Aug 13, 2012
10:07 AM

The Picnic of the Future

The Picnic of the Future

This spring’s Design MMoCA showcase provoked local industrial designer Philip Stankard to think outside the box—the picnic box, that is. 

The Madison Museum of Contemporary Art’s biannual event invites designers to select a piece from the museum’s permanent collection and use it as inspiration for their own work.

Stankard’s submission, coalesce // picnic system, an innovative picnic system, appeared in the 2012 Design MMoCA exhibit from April 26 through May 6.

Originally inspired by the al fresco dining at Concerts on the Square, the system is the mere size of a laptop. “The whole point is that it’d be super compact and integrative, the entire picnic system,” Stankard explains.

Furnished with two silicone seats, rubber band storage and metal trays large enough to hold a glass of wine and smaller eats, it is ideal for packed Wednesday evenings on the Capitol lawn.

“I wanted to design a tool that could be created in Madison, for Madison,” he says.

Designing the project was no walk in the picnic park. Preliminary plans endured seatbacks and Stankard even explored venues to expand the traditional picnic basket. “I didn’t want to fall into that trap of just literally making a box,” he says. “I wanted to go outside that and just make it a little bit different.”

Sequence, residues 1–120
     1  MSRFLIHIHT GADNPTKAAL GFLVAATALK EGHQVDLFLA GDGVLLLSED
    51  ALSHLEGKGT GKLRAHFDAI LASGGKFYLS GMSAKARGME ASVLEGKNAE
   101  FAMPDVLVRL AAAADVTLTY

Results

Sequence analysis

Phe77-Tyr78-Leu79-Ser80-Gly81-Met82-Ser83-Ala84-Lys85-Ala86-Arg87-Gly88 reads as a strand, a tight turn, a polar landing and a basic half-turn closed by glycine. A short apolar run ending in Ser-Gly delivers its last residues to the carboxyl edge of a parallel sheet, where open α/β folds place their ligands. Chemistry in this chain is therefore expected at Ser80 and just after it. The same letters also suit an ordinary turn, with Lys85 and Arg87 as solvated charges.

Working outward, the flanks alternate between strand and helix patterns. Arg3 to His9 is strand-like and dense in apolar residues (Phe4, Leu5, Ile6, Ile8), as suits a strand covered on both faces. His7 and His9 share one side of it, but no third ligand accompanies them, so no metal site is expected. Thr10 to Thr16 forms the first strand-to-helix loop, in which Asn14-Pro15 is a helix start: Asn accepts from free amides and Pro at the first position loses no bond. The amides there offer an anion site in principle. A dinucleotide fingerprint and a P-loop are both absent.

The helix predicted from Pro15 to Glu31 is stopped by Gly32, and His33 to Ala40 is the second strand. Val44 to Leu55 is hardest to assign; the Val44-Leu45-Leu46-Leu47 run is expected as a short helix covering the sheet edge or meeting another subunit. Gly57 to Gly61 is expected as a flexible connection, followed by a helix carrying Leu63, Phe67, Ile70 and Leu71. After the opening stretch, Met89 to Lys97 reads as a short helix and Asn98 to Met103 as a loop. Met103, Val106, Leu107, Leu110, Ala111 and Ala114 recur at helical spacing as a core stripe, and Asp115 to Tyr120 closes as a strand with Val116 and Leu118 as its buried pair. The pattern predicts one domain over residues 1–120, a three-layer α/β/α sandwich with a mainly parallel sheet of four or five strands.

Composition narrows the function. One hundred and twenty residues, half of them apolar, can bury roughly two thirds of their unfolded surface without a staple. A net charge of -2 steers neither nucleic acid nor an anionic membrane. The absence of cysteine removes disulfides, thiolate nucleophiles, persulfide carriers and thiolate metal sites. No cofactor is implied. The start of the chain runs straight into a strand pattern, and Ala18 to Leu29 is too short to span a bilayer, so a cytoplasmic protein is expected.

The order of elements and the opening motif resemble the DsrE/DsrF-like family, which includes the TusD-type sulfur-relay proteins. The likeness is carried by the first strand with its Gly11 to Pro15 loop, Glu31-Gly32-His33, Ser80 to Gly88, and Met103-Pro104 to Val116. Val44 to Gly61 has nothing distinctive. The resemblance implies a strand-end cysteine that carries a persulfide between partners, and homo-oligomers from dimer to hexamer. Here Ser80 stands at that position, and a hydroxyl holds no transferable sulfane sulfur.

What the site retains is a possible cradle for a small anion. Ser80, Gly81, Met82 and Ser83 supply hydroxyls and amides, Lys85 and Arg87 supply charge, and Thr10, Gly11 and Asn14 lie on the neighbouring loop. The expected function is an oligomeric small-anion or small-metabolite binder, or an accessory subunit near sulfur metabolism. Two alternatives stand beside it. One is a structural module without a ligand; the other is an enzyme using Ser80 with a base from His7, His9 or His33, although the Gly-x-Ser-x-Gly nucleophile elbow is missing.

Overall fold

The current design is merely conceptual, but Stankard is revising the design to self-manufacture it for consumers. The new design, made from soft goods, will entail fabric-based seat cushions and either a plastic or wood base. He anticipates the final product hitting shelves in local boutiques and small mom and pop shops by next spring or summer.

Future expansion could potentially include subsequent picnic systems and contemporary accessories, including wine glasses that spike directly into the ground.

While adapting his design for the commercial market, Stankard welcomes comments and suggestions from fellow designers and consumers. Learn more about Stankard and his work at philipstankard.com.

Photos courtesy of Philip Stankard.